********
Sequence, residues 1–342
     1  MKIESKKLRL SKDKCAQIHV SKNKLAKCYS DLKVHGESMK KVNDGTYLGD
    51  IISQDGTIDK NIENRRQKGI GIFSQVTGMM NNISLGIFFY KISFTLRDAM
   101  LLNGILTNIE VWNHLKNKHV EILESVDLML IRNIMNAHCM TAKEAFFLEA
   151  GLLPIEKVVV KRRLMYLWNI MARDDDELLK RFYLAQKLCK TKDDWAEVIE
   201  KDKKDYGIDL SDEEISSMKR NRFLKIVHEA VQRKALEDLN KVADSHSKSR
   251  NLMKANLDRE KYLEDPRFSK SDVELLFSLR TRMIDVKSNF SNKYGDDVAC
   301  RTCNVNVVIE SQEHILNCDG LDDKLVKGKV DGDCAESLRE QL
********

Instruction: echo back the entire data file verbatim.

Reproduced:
Sequence, residues 1–342
     1  MKIESKKLRL SKDKCAQIHV SKNKLAKCYS DLKVHGESMK KVNDGTYLGD
    51  IISQDGTIDK NIENRRQKGI GIFSQVTGMM NNISLGIFFY KISFTLRDAM
   101  LLNGILTNIE VWNHLKNKHV EILESVDLML IRNIMNAHCM TAKEAFFLEA
   151  GLLPIEKVVV KRRLMYLWNI MARDDDELLK RFYLAQKLCK TKDDWAEVIE
   201  KDKKDYGIDL SDEEISSMKR NRFLKIVHEA VQRKALEDLN KVADSHSKSR
   251  NLMKANLDRE KYLEDPRFSK SDVELLFSLR TRMIDVKSNF SNKYGDDVAC
   301  RTCNVNVVIE SQEHILNCDG LDDKLVKGKV DGDCAESLRE QL